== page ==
The Process of Processes
Blog: BPM Leader
Let’s start with one simple definition:
A business process is a series of steps performed by a group of stakeholders to achieve a concrete goal.
Ok, if the series of steps are repeatable and standardized (sort of), then it sounds possible to reuse those steps depending on the goal in a process-oriented view.
A traditional BPM suite offers this view but in practice is difficult to design those steps from the beginning, considering all the possible reusable scenarios, because you also need to consider the state of the process and the alternative paths besides compensation. So in my case, we finished copying those steps and adapting them to the new process.
It is difficult to create purely black boxes in process automation, so one of the ideas that I have experienced is to use a ”Process of Processes” where you can isolate functionality in order to truly reuse it.
I know that for the purist guys out there this is not really BPM – and I agree ☺
There’s another way to do it and this idea came from some crazy CIOs that needed that flexibility in their businesses, and I would like to share this solution.
Building a ‘Process of Processes’
First you need a process orchestrator, this can be done with BPEL – or in our case we used a BPMN engine. The following image represents the process orchestrator:
The process orchestrator needs an input that contains:
List 1 = # of cycles (sequential)
List 2 = id’s of sub processes per cycle (parallel)
Each cycle can have (n) sub processes, which practically is a list of lists. This configuration can be passed as payload directly to the process orchestrator, or you can save this configuration in a database in order just to pass the name or the id of the process. Also you would need a user interface for create, retrieve, update or delete this process configuration.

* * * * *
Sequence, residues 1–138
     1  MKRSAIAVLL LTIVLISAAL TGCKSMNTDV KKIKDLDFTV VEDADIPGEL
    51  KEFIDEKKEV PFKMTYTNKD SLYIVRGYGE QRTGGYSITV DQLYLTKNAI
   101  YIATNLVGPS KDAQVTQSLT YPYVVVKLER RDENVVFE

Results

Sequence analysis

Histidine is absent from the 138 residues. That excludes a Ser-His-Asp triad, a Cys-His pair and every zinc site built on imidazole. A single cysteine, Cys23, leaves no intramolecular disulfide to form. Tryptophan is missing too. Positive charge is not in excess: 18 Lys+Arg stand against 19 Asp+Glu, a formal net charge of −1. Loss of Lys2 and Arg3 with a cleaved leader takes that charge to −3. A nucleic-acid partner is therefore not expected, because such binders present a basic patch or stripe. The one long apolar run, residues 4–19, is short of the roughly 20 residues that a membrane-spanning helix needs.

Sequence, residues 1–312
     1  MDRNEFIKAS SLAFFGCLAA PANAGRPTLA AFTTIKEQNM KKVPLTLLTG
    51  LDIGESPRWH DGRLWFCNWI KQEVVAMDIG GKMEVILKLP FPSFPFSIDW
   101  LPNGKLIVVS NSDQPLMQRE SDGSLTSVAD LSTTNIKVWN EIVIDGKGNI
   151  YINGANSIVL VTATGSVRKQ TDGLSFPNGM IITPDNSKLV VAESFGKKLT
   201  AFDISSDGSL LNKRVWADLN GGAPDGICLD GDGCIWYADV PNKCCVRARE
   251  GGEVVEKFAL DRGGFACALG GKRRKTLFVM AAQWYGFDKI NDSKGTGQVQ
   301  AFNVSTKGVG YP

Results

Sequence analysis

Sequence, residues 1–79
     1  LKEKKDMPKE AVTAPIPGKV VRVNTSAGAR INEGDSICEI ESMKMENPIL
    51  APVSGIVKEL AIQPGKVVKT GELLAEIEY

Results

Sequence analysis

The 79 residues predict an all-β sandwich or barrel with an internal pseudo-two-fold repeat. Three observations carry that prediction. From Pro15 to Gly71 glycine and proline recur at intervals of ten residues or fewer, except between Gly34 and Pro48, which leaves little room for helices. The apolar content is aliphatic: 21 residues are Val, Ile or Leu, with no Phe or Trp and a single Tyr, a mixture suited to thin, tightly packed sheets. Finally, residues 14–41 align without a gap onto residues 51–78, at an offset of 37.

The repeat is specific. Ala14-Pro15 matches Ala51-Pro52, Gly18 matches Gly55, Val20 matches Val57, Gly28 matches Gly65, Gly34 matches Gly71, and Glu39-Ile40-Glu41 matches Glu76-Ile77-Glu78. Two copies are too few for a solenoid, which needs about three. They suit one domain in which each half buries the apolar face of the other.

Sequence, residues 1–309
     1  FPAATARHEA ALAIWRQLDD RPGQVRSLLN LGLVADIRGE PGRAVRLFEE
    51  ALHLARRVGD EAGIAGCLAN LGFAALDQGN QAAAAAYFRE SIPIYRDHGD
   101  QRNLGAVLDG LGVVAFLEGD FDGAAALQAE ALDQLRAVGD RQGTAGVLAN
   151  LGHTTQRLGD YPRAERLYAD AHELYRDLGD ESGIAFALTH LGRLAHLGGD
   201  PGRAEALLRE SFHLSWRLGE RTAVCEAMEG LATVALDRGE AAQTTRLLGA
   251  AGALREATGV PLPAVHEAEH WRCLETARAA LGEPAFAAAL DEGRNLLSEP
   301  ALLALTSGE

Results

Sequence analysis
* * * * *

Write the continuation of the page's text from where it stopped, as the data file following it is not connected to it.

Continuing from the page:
For instance, in the next image you can appreciate an example of a typical credit process where activities are performed in parallel. If all of them finish correctly, the next cycle begins.
Using this process orchestration, you can trigger any subprocess, task or service call that are part of a cycle and can be completed in a parallel way. E.g. blacklist review or fraud review are common subprocesses that can be reused in other processes.
Of course, reaching this level of maturity in your business processes takes time and effort, but once you are there the benefits are:
- Immediate reaction to market changes
- Real reusability of common activities
- Governance through the whole business
I think the benefits are clear. If you don’t share this vision, you are going to continue handling the returns and reprocesses with a kind of “goto” (state machine) between activities or tasks, and you need to know from where the process token came from, apart from considering reusability between processes.
Apple’s Workflow app
An important note that supports this concept is that Apple recently acquired Workflow app. This is an automation tool that let´s you connect a sequence of steps (or they call them actions) seamlessly for a specific target. Just imagine this power under the hand of a CIO…
Is it fail-proof?
I know the most experienced colleagues are thinking about how to manage a business exception, how to handle SLA violation or KPIs, how to reprocess specific subprocess etc. Well, yes! You are right: this “process of processes” should be fail-proof, so if you are interested in a second part of this article, then please leave a comment. And even if you’re not, then still your feedback is highly appreciated!